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THE DONALDSO VILLE CHIEF.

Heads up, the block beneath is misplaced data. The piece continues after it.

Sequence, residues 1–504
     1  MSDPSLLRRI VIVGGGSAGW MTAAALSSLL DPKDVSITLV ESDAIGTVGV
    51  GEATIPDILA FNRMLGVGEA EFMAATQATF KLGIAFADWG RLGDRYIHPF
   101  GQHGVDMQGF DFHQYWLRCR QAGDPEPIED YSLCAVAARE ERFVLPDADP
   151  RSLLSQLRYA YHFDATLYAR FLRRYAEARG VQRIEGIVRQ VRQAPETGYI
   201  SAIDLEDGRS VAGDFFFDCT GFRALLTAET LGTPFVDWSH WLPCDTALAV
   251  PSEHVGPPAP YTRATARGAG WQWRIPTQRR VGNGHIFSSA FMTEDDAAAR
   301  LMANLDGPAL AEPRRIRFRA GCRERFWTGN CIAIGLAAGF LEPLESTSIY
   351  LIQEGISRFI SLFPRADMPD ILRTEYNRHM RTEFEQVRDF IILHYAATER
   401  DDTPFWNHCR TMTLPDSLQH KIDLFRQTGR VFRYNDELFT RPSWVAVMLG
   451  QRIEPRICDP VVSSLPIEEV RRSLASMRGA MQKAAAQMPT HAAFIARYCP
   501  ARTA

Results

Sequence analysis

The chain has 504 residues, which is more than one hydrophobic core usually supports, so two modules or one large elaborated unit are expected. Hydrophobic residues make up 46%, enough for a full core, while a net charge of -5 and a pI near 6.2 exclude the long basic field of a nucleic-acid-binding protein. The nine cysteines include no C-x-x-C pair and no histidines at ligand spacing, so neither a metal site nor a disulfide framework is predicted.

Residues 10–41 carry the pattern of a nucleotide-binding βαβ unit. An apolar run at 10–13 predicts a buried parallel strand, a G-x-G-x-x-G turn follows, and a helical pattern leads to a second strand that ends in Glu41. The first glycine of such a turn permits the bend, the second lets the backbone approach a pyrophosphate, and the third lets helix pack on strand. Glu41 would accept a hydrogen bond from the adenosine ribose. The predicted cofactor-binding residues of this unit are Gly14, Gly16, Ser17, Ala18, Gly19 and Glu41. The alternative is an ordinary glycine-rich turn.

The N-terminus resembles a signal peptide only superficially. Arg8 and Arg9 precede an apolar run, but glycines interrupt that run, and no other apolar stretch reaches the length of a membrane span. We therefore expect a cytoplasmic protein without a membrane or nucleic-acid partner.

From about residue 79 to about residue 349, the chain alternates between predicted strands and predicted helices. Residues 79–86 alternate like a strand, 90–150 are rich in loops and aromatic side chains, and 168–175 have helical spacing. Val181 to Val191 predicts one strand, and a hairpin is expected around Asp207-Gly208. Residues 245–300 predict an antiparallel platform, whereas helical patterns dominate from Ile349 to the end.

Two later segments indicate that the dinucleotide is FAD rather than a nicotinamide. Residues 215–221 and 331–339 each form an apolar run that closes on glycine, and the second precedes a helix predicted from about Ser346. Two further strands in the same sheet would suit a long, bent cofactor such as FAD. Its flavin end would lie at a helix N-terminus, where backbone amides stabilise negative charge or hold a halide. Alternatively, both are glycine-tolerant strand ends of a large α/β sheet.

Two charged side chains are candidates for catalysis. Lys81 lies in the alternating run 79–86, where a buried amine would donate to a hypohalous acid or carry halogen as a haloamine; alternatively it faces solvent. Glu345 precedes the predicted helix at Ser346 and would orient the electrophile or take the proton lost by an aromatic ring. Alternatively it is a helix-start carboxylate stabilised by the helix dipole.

OFFICIAL JOURNAL OF THE PARISH OF ASC NSION AND TOWN OF DONALDSONVILLE. VOLUME IX. DONALDSONVILLE, LOUISIAN , SATURDAY, APRIL 1 r, 1880. NUMBER 32. Amncus Humani Generis. A Wide-Awake Home Newspaper PabliebedEvery Baturday, at Donaldsonville, Ascension Parish,La., -BY ll NDlEN E. BIlENTLEY, EDITOR AND PlROrRITOR. TERMS OF 8UBSCRIPTION: One copy, one yM $2~0............... 0 iOnegopy, six months, ...............10 2 Six oopies, one year,...............- 10 00 T welve copies, one year,..........100 Payable invariably in advance. AD VERTIING RATES : One lnch of space consttutes a "square." as. L mo. 2mos. 3mos. 6mos. lyear squ--are.. 3 00 5 00 $ 650 $1100 $1500 I squares. 5 00 8 00 9 50 15 00 20 00 3squares. 700 1100 1! 50 19 00 25 00 4 squares 850 14 00 1500 23 00 3000 Ssquares. 10 00 16 00 17 00 27 00 35 00 8 squares. 11 50 18 00 19 00 30 00 40 00 7 sqnares. 13 50 20 00 21 00 33 00 44 00 8 squares. 15 00 22 00 24 00 36 00 48 00 Selnmn. 20 00 30 00 35 00 45 00 60 00 Scolutmn..0 000 40 00 4500 55 00 75 00 1 column. 4000 50 00 5500 6500 100 00 Transient advertisements $1 per square f rst insertion; each subsequent insertion, 75 cents per square. Ofmical advertisements $1 per square first insertion; each subsequent publication 50 cents per square. Editorial notices, first insertion, 20 cents per line; subsequently, 10 cents per line. Cards of six lines or less in Bnsiness Di rectory, five dollars per annum. Brief communications upon subjects of public interest solicited. No attention paid to anonymous letters. The editor is not responsible for the views of correspondents. Address: CBIEr, Donaldsonville. La. DONALDSONVILLE BUSINESS DIRECTORY. DRY GOODS, GROCERTES, Etc. A D. VEGA, Agent, dealer In Dry Goods. A Notions, Clothing, Boots and Shoes, flats, Groceries, Liquors, Furniture, Hard ware, Tobacco, Paints, Oils, Glass, Lumber, Bricks, Carts and Wagons; Loeb's corner, Railroad Avenue and Mississippi street. B ERNARD LEMANN, dealer in Western B Produce, fancy and staple Groceries, Liquors, Hardware, Iron, Paints, Oils. Carts, Plows, Saddlery, Stoves and Tinware, Fur nltnre, Crockery, Wall Pappr and hlouse Furnishing Goods, Mississippi street, corner Crescent Place. tOSEPH GONDRAN, dealer in Clothing, Y Dry Goods, Notions, Hats, Groceries, Wines, Liquors, Boots, Shoes, Hardware, Paints, Oils, Saddlery, Crockery, Furniture and all kinds of House Furnishing Goods, No. 14 Missississippi street. M TOBIAS, dealer in Groceries, Dry M * Goods, Clothing, Notions, Boots and Shoes, Hats, Furniture, Hardware, Crock ery, Trunks, etc., corner Mississippi and St. Patrick streets at4 No. 24 Railroad Avenue. vyerything at lowest figures. ( rLINe , corner Crescent Place and e l oemas street, dealer in Dry Goods, Notions, Boots and Shoes, Groceries, Pro visions, Corn, Oats and Bran. M ISRAEL & CO., deales in Dry Goods, a Clothing, Boots, Shoes, Saddlery, $nggies, etc., corner Mississippi street and Railroad Avenue. S MOYSI, dealer in Dry Goods, Cloth e Ing, Boots, Shoes, Hats, Groceries, Furniture, Hardware and Plantation Sup plies, at the old Post-office stand, Mississippi street. Q WEINSCHENCK, dealer in Dry Goods, " Notions, Clothing, Groceries, Hard ware, Hats, Boots and Shoes, and general Plantation Supplies, Railroad Avenne, be tween Iberville and Attakapas streets. P T. BABIN, dealer in Choice Family * Oroceries,WIies and Liquors, Lamps, Oils, e.t, Darrowville, near ferry landing. and opposite Donaldsonville. LIQUOR AND BILLIARD SALOONS. r -IRE PLACE, Gas. Israel, manager, . Corner Lessard and Mississippi streets.. Billiards, Lager Beer, Best Wines and Liquors, Fine Cigars, etc. BUTCHERS' EXCHANGE, P. Mollere, propricetr, Crescen Place, opposite the Market-Rouse. Best of Wines, Lqunors and Cigars always kept at the bar. HOTELS A1D BOARDING-ROUSES. R ORT. E. LEE HOTEL, at Marx Israel's old stand, corner Mississippi and Les eard streets. Jos. Iafargue, proprietor. Bar and billiard room attached:- First-class en tertainment and accommodations. QT. LOUIS HOTEL, Lucy Butler, pro prietor, Crescent Place, near the wharf. First-class Board and Lodging at reasonable rates. 1i Y HOTEL. P. Lefevre, Proprietor, 1 Railroad Avenue, cor. Iberville street. Bar supplied with best Liquors. CONFECTIONERIES. P tILIP GEIGER'S Confectionery and Fruit S-ore, Mississippi street, adjoining r emann's old stand. Cakes, Soda Water, t.Aq. Toys and Fancy Articles. D ONALDSONV'LI CONFECTIONERY. by A. Grille, Mississippi street, near St. Patrick. Branch on Railroad Avenue, ear Opelousas street. Cakes, Fruits, Nuts, da Water, Tce Cream. Cakes. Ice Cream and Syrups for weddings and parties fur nished on short notice. CIGAR DEALER. (l.: THOMPSON. Railroad Avenue, next . }p t corner of Conway street, near ibe b) , dealer in Havana and Domestic Cigars. To~lieq, Snuff, Pipes, etc. MILLINERY. RS. M. BLUM. Miltijer, Mississippi street, between Lessard and St. Pat ijck. Latest styles qf Bonnets, IDats, French Flowers, etc.; also, all kinds of Ltadies' Un derwear. MRS. J. FEVRIER, 'Milliner : all kinds of Hats, Bonnets. Trimmmgs. Artificial Flowers and Fancy Articles. corner Missis sippi and Lessard streets. BOOTr AND SHur MAK.ING. `` GOETTE, Boot and Sloemaker. Mis a sissippi street, opposite Maurin'a store. All work in best style at bottom prices. ---i SADDLERY---lrANESS-MAKING. "FREDERICK BRENN, Saddler and liar - nehss Maker, 159I Railroad Avenue. Sad tiles and harness of all styles and prices made to orde.r. All orders t'for repairing and painting of tahriafges and Buggies prmptly .e-uue4.ggi pmpl BSMWIG MACHINE S. Singer Sewing Machine DEPOT, corner Mississippi and Lessard streets. A. Combe ........................ Manager, Mrs. Octavia Isleqy,.............. a3eslady LIVERY STABLESB UNDERTAb ING. S CHONBERG'S Livery, Feed and Sale Stable and Undertaker's Establisbment, Railroad Avenue, between Iberville and At takapas streets. Competition defied. DRUGS AND MEDICINES. B RYBISKI, Apothecary and Druggist, * Mississippi street, between St. Patrick and St. Vincent streets, adjoining Gondran's store. CENTRAL DRUG STORE, corner Rail road Avenue and Iberville street, L. Blanehard, proprietor. Fresh Drugs and Medicines. HOUSE AND SIGN PAINTING. R J. GREEN, House, Sign and Ornamen * tal Painter, Railroad Avenue, near Claiborne street. Paper-hanging and Calci mining in superior style. BARBER SHOP. L L. FERNANDEZ, Barber Shop, Mis * sissippi Street, near corner Lessard. Shaving, hair-cutting, shampooing, eto., in most artistic style. TINSMITH. L OUIS J. RACKE, Tinsmith, Mississippi s street, at Lemann's old stand. Orders attended to with dispatch and satisfaction insured. ATTORNEYS AT LAW. Frederick Duffel, R. Prosper Landry. DUFFEL A LANDRY1 Attorneys at Law. Office on Chetimaches street, Just back of the Counrt-Hlousc. EDWARD N. PUGH, Attorney at Law, Attakapas street, opposite Louisiana Square. Visits Nanoleonville on Mondays. SODA WATER MANUFACTORY. SODA WATER MAINUFACTORY, H. Hether, proprietor, No. 11 Mississippi street. Soda, Mineral, Seltzer and all kinds of aerated waters manufactured, and sold at lowest prices. Dr. P. J. Frledrichs, of New Orleans Is now permanently located on Railroad Avenue between Mississippi and Iberville streets DR. A. C, LOVIF , Darrowville, La. Left bank Mississippi river, opposite Don aidsonville. Office and residence at Gibson's Hotel. DR. . B. VANDI)EORIFF OFFICE : Attakapas street, near the Court-House, Donaldsomvllle, La. _ R. W. M. McGALLIARD Office in Crescent Place, Donaldsoaville. La. LAW AND NOTARIAL OFFICE. IR. N. Sims, ATTORNEY AT LAW. Donaldsonville, La. Practice in Ascension, Assumption and St. James. mch22-ly EDMUND MAURIN, ATSTOlNT AT ZIAW, Office: Opposite the C~ourt-HJouse, Donaldsonville, La. Practices in the Fourth Judicial District, -comprising the parishes of Ascension, St. James, St. Charles and St. John Baptist and the parish of Assumption. aprl9 PAUL LECHR, ATT$i3RZT AT LAW, Donaldsonville, La., Office: One block below the Court House, on Attakapas street. my24-ly John H. Ilsley, Jr., F. B. Earhart. ILSLEY & EARHART, ATTOI.WTS AT IAW, Office: Opposite the Court House, Donaldsonville, La. Practice in the Fourth Judicial District (comprising St. Chareks, St. John, St. James and Ascension parishes), and in the Supreme and United States Courts. umy3l-79 CHAS. OBERKAMP, Jr., Barber and Hairdresser. Crescent Place, adjoining St. Louis Hotel, Donaldsonville, La. Shaving, Hair Cutting, Dyeing, Shampoo ing, etc., in elegant style at moderate charges augi H. C. GRUBE'S Auction and Commission House, Donaldsonville, L5a. The undersigned is pleased to inform the public that, having filed the bond required byl hw and received his commission from the Governor as an AUCTIONEER, he is now prepared to execute with promptaeas and satisfaction all business in the auction line with which he may be entrusted. y pr niture and articles of every descriptiop stored and sold on commission. Apply to or address, H. C. GRUBEI dl3 Licensed and Bonded Auctioneer. N BEL, DRUGGIST, Corner Chetimaches and Mississippi Streets Donaldsonville, La. A complete stock of Pure Chemicals al ways on hand. Prescriptions carefully com piled at all hours, day or night. feb16 JOHN P. FORCHA, Cistern Maker, Railroad Avenue, opposite the Post-office, Donaldsonville, La. All work guaranteed and satisfaction warranted. Prices lower than the lowest. T W. BROWN, Justice of the Peace and Notary Public. Office at Hercule Landry's itrairie Store, Parish of Ascension. All bdtsieaess transacted with precision and dispatoh. sei20O For the CmaRF. DOT EX-RECORDER BY A, J. REYNOLDS. I apheak me now ov von ofvicial, Who also ish a vriend ov mine, Und dhough he bees zomevat heculiar, He's es nice a "duck" es you vill din'. He iah der von Regording man, You gan dell it by his looks; B Vor mood der dime you vind dot man A wriding in some books. He ethands him 'round der Courd-House, Vrom morn undil meridian; Und ven der clock chimes oud dot time, Pilly ish a missing man. Vat vor I I dought you vould dot ask, You voolish, senseless sinner; Vy, Pilly bicks himself all oop Und valks avay do dinner. Und ven et last dot meal ish done, He vill again be 'round, Und zit aboud der Courd-House door, Es if in dudy bound. He sthrictly ish a bizness man, Und ish alvays et his boat; Und vill " ethick on " der legal hours, No madder vat id goat. He vas a very gurious von, Lives in Bert Barrow village; Und vilst he's nod a varming man, Hie spheaks or botato tillage. He spheaks zomedime mit der old Shudge, Who lives in dot town too; Und maybe I vill some, nexd reek, 8pheak of der Shudge mit you. Bud, I'm apheaking now or "Pilly Be," Dot good Regording man; Who alvays to his bizness dends In a vay dot's "' smack und jam." He has a dark und biercing eye, Zomovat like Willlam Cowdy; Und yen you go vrom him avay, He'll zay-"dell your kin' yolks howdy." Und he ish von goot-hearted man, sympathy sincere; Unt ven a vrien'of his ishla ill, You'll surely vind him dere. Bud.gden in der bizness hours, Ven l islab din und whirr, He'll look him vrom his book straght oop Und ask-" Vat ish der stir 1" lied now he ish der Depudy Glerk Or der Twenty-two times District Court, Und you may bet at reg'lar hours He'll certainly be " in bort." Vor he has ofden been in Gourt, Und has der legal ruling heard; Und zo he'll alvays drimi his zale, Und glide on der lee side of " Ford." Ferd ish addorney vor der Sthate, A good von he vas, too; Und surely iv he vas nod dot, He'd be no vriend or Pilly Bu. Vor Pilly ish a barticular man, Ven he does his vriends select; Und I dink a man has a righd to be In die ding, circumspect. Und now I've sphoke or die, mine vrien', .In tones bod calm und mild, Vor he ihab a true and vaithiful vrien', Und es shentle es a shild, Yah! von may thravel der vorld 'round, Vrom hero unto Hindoo; Und never, never, never vind A nopler man dan Pilly Bu. DONALDSONVIL.Ls. April 11, 1880. SONG OF THE BREEZE. [As sung by the major-general in "The Pirates of Penzanee."] Softly sighing to the river Comes the lowly breeze. Setting nature all a quiver, Rustling thro' the trees, Thro' the trees. And the brook in gentle neasure, Laughs for very love. While the poplars in their pleasure Wave their arms above Yes, the trees in very pleasure, Wave their leafy arms above. Yet the breeze is fbut a rover; When he wings away Brook and poplar mourn a lover, Sighing, well a-day! Well a-day ! Ah, the wooing and undoing That the rogue could telli When the breeze is out a-wooing Who can woo so well 1 Ah, the tales the rogue could tell Nobody could woo so well. - 1T: . Gilbert. ... 9-- I- 4 . .. An Unequal Tax, St. Landry Democrat. According to the State census of 18'5, there were in Iouisiana 188,359 persons entitled to vote. Of course there were other males over twenty. one years old not entitled to vote. The law is, we believe, that all males over twenty-one years of age shall pay a poll tax of one dollar. Now the State Treasurer's report for 1879 shows that during the year only $42, 548 46 for poll tax were paid into the treasury, and this included collections from one to ten years back. Only those who pay a tax on property pay a poll tax. This tax is neither uni form nor equal, except on the tax payers who pay their taxes. It is a sham and a fraud, and ought to be abolished, or collected from all. For the year 1879, less than $2000 for poll tax were collected iu this parish, and yet there must be about 7000 males in it over 21 years of age. If our law riakers would provide a remedy to collect this tax, there would not be so much necessity for the increase in the assessment of the property of those who pay all the taxes, poll tax included, ".Leap year gives young ladies a gentlemau's privilege in making love," says an exchange. Perhaps it does. But no respectable young man will have any thing to do with a young lady who takes a position on the street corner, and only winks at the gentle men as they pass by, but also squirts tobocco juice on their coat tails. Nor would it look well for a dozen or more young ladies, when the weather will admit of it, to loaf around in front of the church an hour and a half Sunday nights, sparring and knocking one another's hats off and dancing a tra la-la on the sidewalk in order to kill time until the congregation is dis missed, and then buckle up to a young man and escort him horne.-Skrere port 'imes. Our BroadbrI4 Letters. Easter Servioes in the hlhurchee-Aori monious Debate in thIMethodist Con ferenoe-Book BaleafOpening of the Academy of Design Metropolitan Art Museum-Gypsy bber, Etc. NEw Yoax, April 10, 1880. EDITOR CHIEF: As if glad to be relased from the sombre season of Lentiall the church es, without distinction, joined in the Easter celebration, )r. Adler, the most heterodox of Jeos, found cause for jubilation that CIst had come again; and Dr. Gotteil, the cham pion of Israelitish orlodoxy, in the great feast of the Pasepver, when cel ebrated under the lioit of the new dispensation, found a4difional cause for congratulation andrejoicing. Even the followers of the stern Calvin shook off the iron rule of tie conventical, and the earliest and nbst beautiful of the Spring flowers, mode their altars bloom like the garde of the Lord. The musical portion of the Easter ceremonies was espedally attractive and delightful, and first-class so pranos, contraltos, tears and bassos were in active demmd, and at ex orbitant prices. One dFthe most mag nificent celebrations, a might be ex pected, took place a the Catholic Cathdoral, which iP probably the grandest church edifice to be found on the American continent. The day was not pleasant; a cald, sharp wind swept through the streets, reminding us uncomfortably that March had not yet gone; few ladies had courage to fly their Spring kites, and those who did looked like roses twined about the North Pole, or daisesblooming on an ice-berg. To return to the cele bration at the Cathedral: the crowd was simply immense, but vast as the building is, the mass of the people who desired to get in would more than have filled it twice. Expecta tion was great. Cardinal McCloskey, clad in the royal robes of his sacred office, was to officiate in person, and in addition to that, a large number of eminent clergymen were expected to be present; for this Feast, so sacred in its associations, takes precedence. of every other church festival of the year. Of course every sensible man knows, whether Christian or Pagan, that churches, like profane institu tions, must be supported, but I con fess that it was not without a shock, that I saw each aisle guarded by a dozen ushers, while the money chang era that Christ cast out of the Temple, eat by their tables, demanding their dollar and half dollar of every man, woman and child who passed the sa cred goal. When one reads those lines of loving promise, that the Bread of Life shall be given to them who are hungry, and that the Watei of Life shall be given to them who are thirsty, "without money and without price," it looks as if the promised land for the poor, the needy and forsaken, was yet far off, and that in heaven, as on earth, all good things were reserved for the rich. One remarkable, and I may add, unusual feature at the Cathedral, was the en tire absence of anything like floral decoration i not a rose-bud or a violet to Ie seen. This was understood to be the Cardinal's desire, who wished it especially on the score of economy. The vestments that His Eminence wore were rich and rare, covered over and over with magnificent and costly lace, wonderful jewels of fabulous value sparkled on his breast and on his fingers, the value of a single one of which would have covered the temple with flowers. Plymouth Church, even in mid-winter, is lavish in its floral offerings, but on an occa sion like Easter, the contributions are not only liberal, but exquisitely beau tiful. Over the lovely parterre of flowers, beamed the face of the pastor, Mr. Beecher, who looked as hale and as rosy as if his lines had always fall en in pleasant places, and his dwell ing place had ever been "' a land flow ing with milk and honey." Brother Talmage, too, gave and elaborate cel ebration, his Easter-tide thanksgiving being suppliwented by the fact that his appeal to Dives and Lazarus has met with a liberal response, and if the Peter's-pence come flowing in as they have for the past three weeks, they will no longer be under the necessity of mortgaging their church organ. The Independent Catholic Church is making rapid strides; ex-priests and monks giving daily additional strength. New halls are being opened in New York and Brooklyn, and it now looks as if the schism would be come formidable. Our Methodist friends met in Coun cil this week, and part of the proceed ings were the very reverse to har monious. It has long been evident that itineracy would be like a lion in the way, if not a sunken rock on which the Church would split. Dr. Sims, of the Eastern Conference of New York, opened the ball by a so ties of resolutions which were calco lated to overthrow one of the Church's most honored institutions. All 'those ministers who have good fat places naturally want to keep them, and all the poor evangelists jn the country naturally wint to get into the great cities, where brown stone churches and stained-glass windows, velvet cushioned pews are aids to that de-o votion and humility which are the surest evidences of a change of heart. The Rev. Joseph Pullman, in the most orthodox style, took the bull by the horns. Dr. Buckley and Dr. Booth took a hand in the fight, and for a time the debate was carried on with a bitter acrimony, which seemed char acterized by anything but the meek ness and humility which induces us to turn our unsmitten cheek to our neighbor, in hopes that he will give it an extra lick. In fact, the whole temper of the discussion was most on christianlike and uncharitable, and certainly but an indifferent example to the hosts of benighted sinners who look to these christian shepherds for gospel light. It would seem as if a determined effort is to be made to narrow the limits of itineracy In the Methodist Church, or at least to leave it discretional with the Bishops or Presiding Elders, to say whether the stay of the minister may be prolonged beyond the term of three years. The sale of books and pictures this Spring has been remarkable. One private gallery of paintings brought over a hundred thousand dollars, and a half dozen libraries realizing fabu lous prices, where people who were never supposed to know much about books, like Vanderbilt and Astor, have really been found among the bidders for rare and valuable works, some times going up among the thousands for special volumes. The Spring opening of the National Academy of Design, which is one of our pet institutions, was an im monse success. The reception night usually brtngs out our crease de 1a creme, and all the good and staid old Knickerbockers, who look upon the legitimate drama with horror, and re gard the opera as a wicked invention of the devil. In these artist recc.p tions, however, there is always a wholesome profane ingredient, which reminds us that the world still moves on, and if it were not for the sinners, that good painting and good music would be as rare as red crows or white blackbirds. The Great Father from Washing ton dropped in upon us on Tuesday, and after breaking bread with our esteemed fellow-citizen, John Taylor Johnson, the President of the Metro politan Art Museum, he formally opened the new institution, and dedi atdrl it tn Art frnawar The Eastern season has not been )ne of unmixed thankfulness and blessing. Many scenes of murder, robbery and violence have clouded this joyous festival. A remarkable ease occurred here in the arrest of a party of Gypsies, who defrauded a sharp fellow by the name of Jessup, in Indiana, of the sum of 2150. The ~ypsies were in camp near Jessup's ractory, and he, attracted by the sparkling black eyes of one of the remale Romnies, paid them an occa sional visit. The mother of the girl, 1 shrewd old witch, offered to tell the ;entleman's fortune, but, in order to summon the spirits to aid her, it was necessary that a certain amount of money, not less than two thousand lollars, should be placed in her hands, which she faithfully promised to return. The first incantation was had, but the spiritual vision was clouded, and the money was retuarned to Jessup, tied up in a red silk band kerchief. A few days after, she tried it again, and made Jessup promise that he would place the money in his safe, and not look at it for fourteen days. Just then a noise occurred out side, and as Jessup turned his head, the Gypsy deftly changed the hand kerchief, and got off with the $2150. Jessup, who thinks he is smart as the average I$oosier, was so ashamed of being duped that he never mentioned it for a couple of weeks, but at last bis cupidity got the betted of his van ity, and he set a detective on the track of the robbers, who hunted them down in Brooklyn. Fortnne tellin g and swindling must be a good business, for these vagabonds own a number of houses in Brooklyn and Jersey City. This week the trout fishing begins, and it is quite a lively time among oar local anglers. Yours truly, BROA1BlRI).. Our Washington Letter. An Appropriation Bill Pared-The Pres idential Oanvams-An Avalanohe of Bills-The New Motor, Eto, WAsnalovo$. D. U.,.April 19, 1880. EDITOR CHIF r: The Consular and Diplomatic Ap propriation bill was passed on the 30th ult., just as it came from the Committee. The only debate of in terest was on a proposition of Mr. Blackburn to dispense with the ser vices of Foreign Ministers, to compel them to remain at their posts, &c., all of which were talked over in a lively manner. Probably there will be greater activity in Congress dur ing the next few weeks than at any time since the first ten days of the session. It will be remembered that the House some days since agreed to a " rider" on a deficiency appropriation bill by which the special deputy eleo tion Marshals should be selected from the various political parties. This " rider" the Republican Senators will oppose to the bitter end. Without expressing an opinion as to the desir ability of dividing up these on any other officers among the parties, I can not help expressing a hope that the subject will be fully discussed, and in that case the rider will be de feated. My reason for this is that political affairs have no proper place in these or any other bills. We ought not, under any circumstances, to leg islate for party advantage. In purely Presidential matters there seems in the last week to have been a rise in the Grant stock in the South, and of the Blaine stock in the East and West. The Grant men are making great endeavors to capture Iowa and Kansas, but the Blaine men seem to be in the majority. An immense silent strength is claimed for Grant, but I fear it will never make itself felt or heard. Hancock stook has taken a rise, especially in the South, and his friends hope that before the convention meets in June, Tilden himself will be a Hancock man. Nearly 6000 bills have been intro duced, printed and put on the calen dar of the present Congress. It would take 150 years to dispose of them at the rate the business was done at the extra session, or has been by the present session, which has now been together over four months. Thou sands of bills are introduced with the understanding that they are to sleep the sleep that knows no waking. A ward politician has some scheme. He was very useful in securing the nomi nation of Hon. Moreover Smith as the distinguished member from the Dis trict of Hardscrabble. The Hon. Moreover introduces his bill, it is printed by thousands of copies, and that is the end of the bill. The printed matter of this and the other thousands of its kind are paid for out of uncle Sam's strong box, and the aggregate of all this material, tons upon tons, finds it way at last into the hands of the junk dealers. At last a ray of good sense has seemed to fall acoess the vision of the committee of ways and means in re lation to the duty on paper material. For a time it looked as if the voice of the united press was to have no in fluence upon these men, but they began to discover that they were call ing upon their own heads the trum pet-tongued denunciations of the en tire press of the commonwealth. There should be no cessation of this struggle until the press are secured against the combination of the papet dealers, who under the present tariff can make a corner on this article at any time they may choose. The budding*springtime has come, and the note of preparation is seen everywhere in parks and reserva tions, and around private residences. Men in great numbers are putting lawns, gardens, public and private walks in order. In a few days we shall " See our jeweled silver maples And our lawns in robes of green, Smiling under golden sunshine, Gaily decked by nature's Queen." The throng of visitors in the city is unusually large. Hundreds have left the sunny South, who yearly go thith er to escape the rigors of northern winters, and they are now enjoying springtime at the Capital, and throngs are daily visiting Arlington, Soldiers' Home, Mt. Vernon, and other objects of interest. The Halls of legislation are filled daily by visitors who rarely fail of being disgusted by a few hours spent in the Capitol, witnessing the farce that is there played by the sren who are sent here at an expense of $5000 each, with all the etceteras, to make laws for the dear people. A congressional macdine is very un wieldy and uncomfirtably expensive, and if this combination of vast erudi tion and sublime foolishaess were to ieet only every five years, the coaim try would be infinitely the gainer. $SENTNEL. The Baton Rouge Boom. Capitolian Squibs, Baton .ouge is evidently looming up at last, and will ere long become one of the handsomest and most thriv ing towns in the South; On ill sides improvements are visible. Our Court House, that a few mouths ago seemed a crumbling ruin, is now one of the most stslish and neatest lookiqg buildings of the kind in the State. The engine house of Independenee Fire Company No. 2 is 'a freshly painted cosy little structure, while that of Washington Steam Fire Com pany No. I is also in as creditable a condition. Several neat buildings have been erected of late, with a gen eral disposition to go ahead all along the line. Real estate in our city, under the impetus that is being given by the restoration of the Capital, is becom ing more valuable each day. By the time the State Government is removed there is no telling what the iacrea.,e in value will be from the price for which it might be obtained at present. People abroad who are possessed of means for investment had bettes coun here and look around for themselves; A beautiful and healthy location, a magnificent and fertile back country, affording every advantage to the a8g griculturist, good schools, good so' ciety, churches, a well regulated, or derly community, is in brief that which the Capital of Louisiana offers :o the enterprising. Sixteen dollars and thirty- five cents foot up the expenses of attending the sick at the City Hospital during last month. And still the cry is thalt the South is too unhealthy a region for emigrants to select as their home. Thirteen dollars and sixty cents was the total amount of the cost of maintaining the prisoners sent to the jail by the city of Baton Rouge during th9 month of March, 1880. We defy any other city of eight thousand it. habitants to present such an evidence as the new Capi:al of Louisiana as a law-abiding community. A splendid opportunity offers itself to capitalists to lease the valuable and costly machinery and looms be. longing to the State, which are lying idle at the Penitentiary in this city. Every facility can here be found. The Mississippi river is near by, through, which coal can be obtained from the West. Else, there are dense forests almost within stone's throw with an inexhaustible supply of wood for fuel. The raw material is brought here in wagons from the back country, by the producers who have made this point their favorite market for its sale. Then our city containing some eight thousand inhabitants will fur nish all the operatives at as cheap rates as labor of this kind can be ob tained elsewhere. The manufactured goods could at last be sent away at the smallest coston our river steamers. Broom Corn. Countr. Visitor. Broom corn is spoken of as likely, at no distant day, to take the place of the breadatuffs now supplying the world. It appears that a process has been discovered by which the finest and most nutritious flour eas be made from the seed, equal to one-half of its weight, while the other half is valua ble food to produce beef and milk. Its yield is astonishing, reaching an average of 300 bushels to the acre on suitable land, and in many instances it has been known to produce 500 bushels or 30,000 pounds to an acre. It does not eshaust the soil like In dian corn, as it draws its nourishment from a greater depth. It is a similar character of plant to sweet cane, or sorghum, that furnishes such nutri tious food and is so generally es teemed; and it is stated that a com mon brush broom could sustain the life of an infant for days, by the ex traction of the nourishment from the end of the broom. Broom corn grows well in this State, and experienced poultry-raisers claim that poultry fed on the seed are never attacked by cholera. In many places in the State brooms are made by inlividulls who raise corn, and are sold in the neighboring towns at prices much below those purchaseable in this city. Farmerville Gazette: On the 28th nit., the gin-house of T. J. Freeman, near Marion, in this parish, was to tally consumed by fire, together with the gin stand and running gear and 600 bushels of cotton seed. Some timber near the gin-house had been burning on the day previous and from this it is thought the fire originated. ....Sunday night, two Negro girls, the eldest about 18 years of age, liv ing upon the place of E. II. Ward in this parish, left the cabin of Solomoq Raines, their grandfather, with a torch to go to the house in the yard in which they had been usually sleeping, and but a short distance from the cabin of tlheir grandfather. About two hours after they had left, the grandfather was awakened by the roar of flames, which had thesn nearly enveloped the cabin in whic$h bis grand daughters were sleeping. Rushing to the door of the burning building the old man broke it opel and discovered the feas stricken girls on the opposite side of the buikding, paralyzed with terror and unable to move. As the door was broken open the fames were forced through the opening and ren dered it impossible for the grand father to enter and save the girls from their horrible fate. The old man and others who were aroused by the shrieks of the poor girls were com pelled to remain idle spectators to their terrible death. .P'licon: Cattle and horses ip this section are beginming to die. There is nso moLs pasturage in this virinity. owing to hligh water, nod some of ttl, stock is dying hfom shet-r s6mt ation.